GRAND FORKS AIR FORCE BASE, N.D. --
After years of participating in cross-country air exercises, the 319th RW hosted the first Airborne Intelligence, Surveillance, and Reconnaissance exercise in the Wing’s storied history.
Typically, the group launches its RQ-4 Global Hawks from the base, later positioning the aircraft in training ranges scattered across the Nevada desert. Oftentimes, this necessitates prepositioning liaison officers at Nellis Air Force Base to facilitate communication between participating organizations and to ensure a mutual understanding of purpose.
Maj. Ryan Blakeney, an RQ-4 pilot, evaluator, and weapons school graduate working in the 319th Operations Group, knew there was a better alternative; ultimately, one that he would engineer and benchmark.
“After participating in dozens of combined exercises and building relationships with bases that regularly fly near Grand Forks, I thought, ‘why not us?’” said Blakeney. “Instead of spending millions of dollars for everyone to go down to Nellis AFB, we can host the event in MOAs (Military Operations Areas) near us, and everyone can work from their home station.”
That’s exactly what Blakeney created: a specialized group that would plan remotely and exercise nearby.
Partnering in the Northern Search exercise were crewmembers of the RC-135V/W Rivet Joint from Offutt AFB, Nebraska, MQ-9 Reapers from the Fargo Air National Guard Base, and RQ-4 Global Hawks from Grand Forks AFB. Weapons Instructor Course students from Nellis AFB, Nevada, and intelligence specialists from the II Marine Expeditionary Force, Camp Lejeune, North Carolina, also participated.
The objective of the exercise was concise and pointed – integration; the utilization of both airborne and ground assets (cross-cueing) to provide the most accurate and efficient intelligence. The emphasis is exceptionally important given the RQ-4 Block 40 has no inherent Positive Identification (PID) capability; therefore, it is most effective when cross-cued with other sensors and assets.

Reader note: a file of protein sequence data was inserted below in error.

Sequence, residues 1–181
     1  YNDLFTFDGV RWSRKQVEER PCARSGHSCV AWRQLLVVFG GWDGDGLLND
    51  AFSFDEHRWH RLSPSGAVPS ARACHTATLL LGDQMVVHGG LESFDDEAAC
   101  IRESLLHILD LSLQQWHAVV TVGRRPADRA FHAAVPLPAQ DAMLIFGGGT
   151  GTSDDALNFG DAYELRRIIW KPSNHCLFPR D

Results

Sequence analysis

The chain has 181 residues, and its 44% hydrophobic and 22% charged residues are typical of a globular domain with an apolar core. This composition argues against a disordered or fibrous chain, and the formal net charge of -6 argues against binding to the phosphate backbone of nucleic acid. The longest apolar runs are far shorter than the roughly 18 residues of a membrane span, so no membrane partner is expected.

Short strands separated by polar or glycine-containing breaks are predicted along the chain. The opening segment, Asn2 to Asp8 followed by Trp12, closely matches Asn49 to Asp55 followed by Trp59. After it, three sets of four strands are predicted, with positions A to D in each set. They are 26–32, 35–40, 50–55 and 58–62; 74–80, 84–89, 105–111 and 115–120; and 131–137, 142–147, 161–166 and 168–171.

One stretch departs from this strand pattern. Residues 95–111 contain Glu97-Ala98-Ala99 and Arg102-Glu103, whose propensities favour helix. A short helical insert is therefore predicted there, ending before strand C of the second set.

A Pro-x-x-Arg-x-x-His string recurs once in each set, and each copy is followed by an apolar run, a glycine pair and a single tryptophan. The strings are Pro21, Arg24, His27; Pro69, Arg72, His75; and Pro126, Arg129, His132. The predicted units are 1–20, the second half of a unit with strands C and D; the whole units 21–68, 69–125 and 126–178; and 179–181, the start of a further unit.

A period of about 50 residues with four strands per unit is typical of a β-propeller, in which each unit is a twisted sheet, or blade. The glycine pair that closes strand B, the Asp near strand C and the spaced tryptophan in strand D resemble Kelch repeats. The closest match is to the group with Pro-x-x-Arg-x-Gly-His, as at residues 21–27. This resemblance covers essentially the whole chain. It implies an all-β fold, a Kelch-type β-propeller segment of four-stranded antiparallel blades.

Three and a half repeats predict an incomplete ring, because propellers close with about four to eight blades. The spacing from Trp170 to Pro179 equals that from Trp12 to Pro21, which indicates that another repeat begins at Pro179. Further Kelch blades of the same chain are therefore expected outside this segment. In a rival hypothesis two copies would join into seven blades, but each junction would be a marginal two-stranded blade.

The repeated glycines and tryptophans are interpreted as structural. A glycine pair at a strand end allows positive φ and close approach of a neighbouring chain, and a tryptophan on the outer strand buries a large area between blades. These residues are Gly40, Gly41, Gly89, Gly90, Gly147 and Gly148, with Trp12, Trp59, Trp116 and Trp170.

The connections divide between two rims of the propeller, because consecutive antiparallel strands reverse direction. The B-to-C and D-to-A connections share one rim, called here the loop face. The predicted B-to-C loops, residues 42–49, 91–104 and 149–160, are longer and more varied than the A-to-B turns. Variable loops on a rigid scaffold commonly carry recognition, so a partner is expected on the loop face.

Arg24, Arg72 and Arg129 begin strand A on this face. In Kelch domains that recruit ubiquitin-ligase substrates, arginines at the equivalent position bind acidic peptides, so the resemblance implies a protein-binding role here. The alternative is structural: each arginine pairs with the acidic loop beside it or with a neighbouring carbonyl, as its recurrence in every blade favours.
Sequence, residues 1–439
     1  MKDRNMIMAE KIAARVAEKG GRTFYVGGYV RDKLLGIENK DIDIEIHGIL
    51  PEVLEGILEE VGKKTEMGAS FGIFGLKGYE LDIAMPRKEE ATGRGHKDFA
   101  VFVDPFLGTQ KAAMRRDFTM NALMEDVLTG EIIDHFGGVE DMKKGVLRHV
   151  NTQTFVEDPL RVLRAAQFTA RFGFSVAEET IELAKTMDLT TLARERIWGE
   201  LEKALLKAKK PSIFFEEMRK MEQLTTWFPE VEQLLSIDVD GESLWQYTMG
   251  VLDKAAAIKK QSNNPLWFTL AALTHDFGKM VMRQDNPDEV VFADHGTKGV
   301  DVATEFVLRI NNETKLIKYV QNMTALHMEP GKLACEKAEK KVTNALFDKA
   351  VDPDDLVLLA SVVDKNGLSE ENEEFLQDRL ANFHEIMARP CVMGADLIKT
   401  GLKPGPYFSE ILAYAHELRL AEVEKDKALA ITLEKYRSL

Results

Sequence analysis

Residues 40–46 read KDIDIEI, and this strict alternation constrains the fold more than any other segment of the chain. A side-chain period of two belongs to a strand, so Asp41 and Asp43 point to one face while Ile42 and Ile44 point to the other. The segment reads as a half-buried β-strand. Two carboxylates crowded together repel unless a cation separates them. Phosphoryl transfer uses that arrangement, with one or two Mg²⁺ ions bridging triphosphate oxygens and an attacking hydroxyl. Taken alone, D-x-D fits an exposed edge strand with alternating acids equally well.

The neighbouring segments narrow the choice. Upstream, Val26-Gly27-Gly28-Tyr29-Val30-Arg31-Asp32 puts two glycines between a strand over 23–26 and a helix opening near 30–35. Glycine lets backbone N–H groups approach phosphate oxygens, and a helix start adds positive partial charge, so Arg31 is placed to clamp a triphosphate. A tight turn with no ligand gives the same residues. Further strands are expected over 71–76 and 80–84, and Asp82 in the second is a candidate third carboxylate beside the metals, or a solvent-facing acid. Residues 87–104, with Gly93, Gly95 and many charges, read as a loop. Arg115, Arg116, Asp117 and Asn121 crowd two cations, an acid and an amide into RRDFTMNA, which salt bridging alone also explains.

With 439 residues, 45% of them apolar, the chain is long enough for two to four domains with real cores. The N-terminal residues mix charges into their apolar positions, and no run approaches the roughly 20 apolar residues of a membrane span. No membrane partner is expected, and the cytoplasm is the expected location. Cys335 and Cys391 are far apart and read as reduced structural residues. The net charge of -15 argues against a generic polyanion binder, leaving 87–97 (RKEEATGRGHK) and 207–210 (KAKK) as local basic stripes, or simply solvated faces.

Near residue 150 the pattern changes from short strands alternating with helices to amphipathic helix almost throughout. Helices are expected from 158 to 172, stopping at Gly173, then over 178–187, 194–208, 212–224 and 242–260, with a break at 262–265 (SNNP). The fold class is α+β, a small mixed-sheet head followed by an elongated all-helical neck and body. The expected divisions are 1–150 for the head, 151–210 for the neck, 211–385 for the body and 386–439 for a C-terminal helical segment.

“As Global Hawk crewmembers we do a fantastic job collecting intelligence,” Blakeney said. “Where we could improve is through the education of other airborne capabilities and how to optimize integration.
“Our ultimate goal is to complete the ‘kill chain.’ We accomplish this through threat warning indications, the positive ID of radar data, and the completion of the find, fix, track, target, engage, and assess (F2T2EA) process.”
The operation was conducted at the Powder River Training Complex (PRTC) MOA and coordinated from the Grand Forks Reconnaissance Operations Center. PRTC spans the skies over North and South Dakota, Montana, and Wyoming. The expansive training airspace allows Air Force pilots and crews to perform the critical training needed in conditions that closely resemble combat missions.
In this case, an F2T2EA kill chain mission would interweave the capabilities of movement intelligence, signals intelligence, geospatial intelligence, and persistent attack. Although not everything went as planned, because of weather and maintenance, the objectives of the collaboration were met, solidifying the months of preparation and war-gaming.
“One of the two most impactful take-aways was how RC-135 crews can corroborate with an RQ-4 on collection and further refine tactics, techniques, and procedures when the two employ in force.” said Will Eby, an ISR Analyst from Offutt AFB. “The other was how similar communities can get together and participate in productive training starting with a phone call.”